Table 1 General characteristics and plasma glucose-related markers of obese and normal weight subjects (Mean values and standard deviations)

Normal, normal weight subjects; Obese A, mildly obese subjects; Obese B, moderately obese subjects; HOMA-IR, homoeostasis model assessment for insulin resistance.

a,b,c Mean values with unlike superscript letters were significantly different (P<0·05) (one-way ANOVA).

Plasma lipid and apo levels

Differences in plasma levels of lipids and apo are shown in Fig. 1. Plasma levels of free fatty acids, TAG, phospholipids, total cholesterol, non-HDL-cholesterol, apoB, apoB/apoA1 and AI were significantly higher in both Obese A and Obese B groups compared with the normal weight group. In particular, plasma levels of TAG, apoB and apoB/apoA1 in the Obese B group were significantly higher compared with the Obese A group. In contrast, levels of HDL-cholesterol and HTR were significantly lower in both obese groups than in the normal weight group. However, no significant differences were observed among the three groups with respect to plasma levels of LDL-cholesterol and apoA1.

Fig. 1 Plasma levels of lipids and apo in obese and normal weight subjects. Subjects were categorised as normal weight (Normal), mildly obese (Obese A) and moderately obese (Obese B). Values are means and standard deviations represented by vertical bars. a,b,c Mean values with unlike letters were significantly different (P<0·05) (one-way ANOVA). AI, atherogenic index; HTR, HDL-cholesterol:total cholesterol ratio; PL, phospholipid; TC, total cholesterol.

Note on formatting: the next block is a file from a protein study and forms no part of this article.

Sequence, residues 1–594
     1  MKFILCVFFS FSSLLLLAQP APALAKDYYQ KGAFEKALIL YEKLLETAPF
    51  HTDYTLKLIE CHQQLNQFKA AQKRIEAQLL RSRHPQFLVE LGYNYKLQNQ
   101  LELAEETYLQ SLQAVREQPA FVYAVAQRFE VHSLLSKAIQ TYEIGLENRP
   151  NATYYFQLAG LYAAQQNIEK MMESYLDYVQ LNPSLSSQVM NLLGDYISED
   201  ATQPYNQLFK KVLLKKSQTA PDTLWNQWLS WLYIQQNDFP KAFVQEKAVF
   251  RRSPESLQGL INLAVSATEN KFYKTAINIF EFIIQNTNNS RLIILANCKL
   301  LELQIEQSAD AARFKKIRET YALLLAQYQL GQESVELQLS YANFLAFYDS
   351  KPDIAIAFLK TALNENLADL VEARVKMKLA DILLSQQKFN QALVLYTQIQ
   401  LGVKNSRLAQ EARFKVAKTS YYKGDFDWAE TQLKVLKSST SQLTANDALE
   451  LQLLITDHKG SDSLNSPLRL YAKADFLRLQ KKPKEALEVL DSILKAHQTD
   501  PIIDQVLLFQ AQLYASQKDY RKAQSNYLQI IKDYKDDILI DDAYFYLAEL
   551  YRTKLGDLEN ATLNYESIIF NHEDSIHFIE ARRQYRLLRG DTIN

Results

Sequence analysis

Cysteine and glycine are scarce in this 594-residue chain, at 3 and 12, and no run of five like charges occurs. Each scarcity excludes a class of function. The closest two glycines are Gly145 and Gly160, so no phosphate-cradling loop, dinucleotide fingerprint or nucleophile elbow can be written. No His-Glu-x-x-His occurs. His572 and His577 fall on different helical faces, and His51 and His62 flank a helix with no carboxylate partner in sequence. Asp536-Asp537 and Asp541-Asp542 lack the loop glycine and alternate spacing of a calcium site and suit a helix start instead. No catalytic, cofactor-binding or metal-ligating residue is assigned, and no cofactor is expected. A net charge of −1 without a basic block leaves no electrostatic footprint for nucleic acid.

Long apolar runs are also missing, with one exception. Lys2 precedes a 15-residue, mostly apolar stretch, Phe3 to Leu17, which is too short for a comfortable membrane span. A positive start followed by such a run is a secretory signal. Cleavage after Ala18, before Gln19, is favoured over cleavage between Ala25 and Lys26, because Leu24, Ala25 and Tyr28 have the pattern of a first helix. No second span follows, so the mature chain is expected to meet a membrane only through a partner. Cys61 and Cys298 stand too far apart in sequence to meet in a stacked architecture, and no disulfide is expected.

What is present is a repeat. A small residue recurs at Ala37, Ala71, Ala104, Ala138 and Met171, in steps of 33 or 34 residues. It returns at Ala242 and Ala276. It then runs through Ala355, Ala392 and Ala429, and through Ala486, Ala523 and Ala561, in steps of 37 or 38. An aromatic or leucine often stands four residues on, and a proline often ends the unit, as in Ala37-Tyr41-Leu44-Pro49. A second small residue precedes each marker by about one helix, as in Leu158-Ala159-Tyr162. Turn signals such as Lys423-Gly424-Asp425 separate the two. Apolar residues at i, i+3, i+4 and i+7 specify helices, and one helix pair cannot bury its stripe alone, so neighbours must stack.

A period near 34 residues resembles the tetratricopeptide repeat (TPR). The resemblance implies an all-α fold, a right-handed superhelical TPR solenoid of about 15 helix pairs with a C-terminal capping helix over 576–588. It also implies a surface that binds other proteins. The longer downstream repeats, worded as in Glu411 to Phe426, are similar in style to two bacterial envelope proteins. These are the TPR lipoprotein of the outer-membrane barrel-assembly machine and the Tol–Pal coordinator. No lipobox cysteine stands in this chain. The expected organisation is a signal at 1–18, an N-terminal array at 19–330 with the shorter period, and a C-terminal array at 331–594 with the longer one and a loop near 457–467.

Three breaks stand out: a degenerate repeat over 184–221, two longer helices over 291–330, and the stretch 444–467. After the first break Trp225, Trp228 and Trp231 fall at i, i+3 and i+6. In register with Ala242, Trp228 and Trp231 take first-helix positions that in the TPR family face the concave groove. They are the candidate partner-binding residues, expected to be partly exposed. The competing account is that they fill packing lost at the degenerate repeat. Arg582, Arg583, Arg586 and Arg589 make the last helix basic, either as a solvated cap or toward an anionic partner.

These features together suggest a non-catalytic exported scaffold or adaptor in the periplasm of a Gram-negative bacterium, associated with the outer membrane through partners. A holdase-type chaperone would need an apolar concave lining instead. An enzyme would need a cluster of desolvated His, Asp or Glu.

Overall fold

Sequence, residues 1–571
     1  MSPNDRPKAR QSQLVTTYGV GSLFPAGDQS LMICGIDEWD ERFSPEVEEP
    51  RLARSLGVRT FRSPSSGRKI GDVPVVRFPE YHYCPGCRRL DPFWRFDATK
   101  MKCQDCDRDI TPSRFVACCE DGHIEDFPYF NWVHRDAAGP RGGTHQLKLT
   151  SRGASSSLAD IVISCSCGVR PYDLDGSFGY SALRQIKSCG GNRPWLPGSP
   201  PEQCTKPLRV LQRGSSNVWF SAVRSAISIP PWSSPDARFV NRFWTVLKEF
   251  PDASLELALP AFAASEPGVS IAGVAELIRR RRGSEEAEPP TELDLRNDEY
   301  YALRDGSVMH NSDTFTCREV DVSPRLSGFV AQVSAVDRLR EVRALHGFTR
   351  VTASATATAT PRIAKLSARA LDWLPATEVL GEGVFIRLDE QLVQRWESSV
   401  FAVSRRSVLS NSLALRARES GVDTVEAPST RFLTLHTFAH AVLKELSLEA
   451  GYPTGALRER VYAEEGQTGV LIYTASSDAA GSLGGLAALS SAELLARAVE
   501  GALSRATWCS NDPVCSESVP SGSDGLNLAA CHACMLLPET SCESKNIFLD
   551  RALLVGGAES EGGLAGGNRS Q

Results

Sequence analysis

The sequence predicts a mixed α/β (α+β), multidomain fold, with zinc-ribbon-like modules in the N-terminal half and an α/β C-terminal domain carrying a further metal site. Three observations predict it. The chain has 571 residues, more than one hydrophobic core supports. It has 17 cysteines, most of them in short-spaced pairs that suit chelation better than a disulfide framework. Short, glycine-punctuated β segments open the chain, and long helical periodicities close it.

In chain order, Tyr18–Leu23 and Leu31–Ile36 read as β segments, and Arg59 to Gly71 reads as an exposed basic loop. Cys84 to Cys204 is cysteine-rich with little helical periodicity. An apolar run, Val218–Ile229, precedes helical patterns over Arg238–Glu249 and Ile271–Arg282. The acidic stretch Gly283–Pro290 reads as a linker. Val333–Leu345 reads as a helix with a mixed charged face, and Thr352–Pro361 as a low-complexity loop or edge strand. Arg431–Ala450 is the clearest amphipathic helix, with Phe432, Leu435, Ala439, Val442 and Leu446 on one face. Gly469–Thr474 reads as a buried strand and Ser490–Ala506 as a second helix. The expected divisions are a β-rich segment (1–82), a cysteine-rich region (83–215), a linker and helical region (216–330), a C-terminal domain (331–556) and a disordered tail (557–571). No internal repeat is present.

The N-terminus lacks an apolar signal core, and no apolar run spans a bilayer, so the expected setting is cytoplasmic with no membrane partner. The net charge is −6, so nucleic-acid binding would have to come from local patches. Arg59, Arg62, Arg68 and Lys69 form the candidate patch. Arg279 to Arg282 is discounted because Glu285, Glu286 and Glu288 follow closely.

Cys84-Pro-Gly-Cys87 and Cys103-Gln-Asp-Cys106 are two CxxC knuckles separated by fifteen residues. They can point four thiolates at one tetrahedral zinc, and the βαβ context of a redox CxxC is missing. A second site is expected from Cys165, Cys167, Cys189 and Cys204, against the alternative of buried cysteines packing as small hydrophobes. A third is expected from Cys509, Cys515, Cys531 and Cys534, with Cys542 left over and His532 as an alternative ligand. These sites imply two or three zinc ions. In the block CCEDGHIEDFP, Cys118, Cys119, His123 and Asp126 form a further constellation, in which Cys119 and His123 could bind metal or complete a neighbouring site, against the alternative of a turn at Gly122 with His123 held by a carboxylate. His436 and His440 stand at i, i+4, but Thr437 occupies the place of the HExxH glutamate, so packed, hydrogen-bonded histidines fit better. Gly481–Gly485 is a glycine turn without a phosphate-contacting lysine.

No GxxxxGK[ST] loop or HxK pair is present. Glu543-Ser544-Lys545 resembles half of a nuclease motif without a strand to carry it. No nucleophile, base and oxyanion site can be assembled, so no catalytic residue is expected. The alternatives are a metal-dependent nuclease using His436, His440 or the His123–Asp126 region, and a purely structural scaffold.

Plasma levels of adipocytokines

Plasma levels of adipocytokines are shown in Fig. 2. Plasma levels of adiponectin in Obese A and Obese B groups were significantly lower compared with normal weight subjects. However, plasma levels of leptin in Obese A and Obese B groups were markedly higher than those in normal subjects. Moreover, the Obese B group showed significantly higher plasma levels of TNF-α and IL-6 than normal weight subjects; however, this was not observed in the Obese A group. Plasma levels of TNF-α and IL-6 in the Obese A group were approximately 5·29- and 1·25-fold higher, respectively, compared with normal weight subjects; however, the differences between Obese A and normal weight groups were not statistically significant. Plasma levels of resistin, monocyte chemoattractant protein-1, IL-1β and IL-8 were not significantly different among the three groups.